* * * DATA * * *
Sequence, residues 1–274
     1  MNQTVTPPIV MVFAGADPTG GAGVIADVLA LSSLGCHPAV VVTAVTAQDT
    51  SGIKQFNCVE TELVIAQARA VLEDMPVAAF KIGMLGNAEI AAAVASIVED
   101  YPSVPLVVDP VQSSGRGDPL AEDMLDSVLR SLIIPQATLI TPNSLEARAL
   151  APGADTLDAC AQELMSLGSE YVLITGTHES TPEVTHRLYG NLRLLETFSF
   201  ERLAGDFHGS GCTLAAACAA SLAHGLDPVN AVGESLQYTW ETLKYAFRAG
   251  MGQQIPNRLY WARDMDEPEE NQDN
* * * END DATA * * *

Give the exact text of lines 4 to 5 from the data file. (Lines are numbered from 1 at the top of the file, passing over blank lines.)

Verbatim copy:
   101  YPSVPLVVDP VQSSGRGDPL AEDMLDSVLR SLIIPQATLI TPNSLEARAL
   151  APGADTLDAC AQELMSLGSE YVLITGTHES TPEVTHRLYG NLRLLETFSF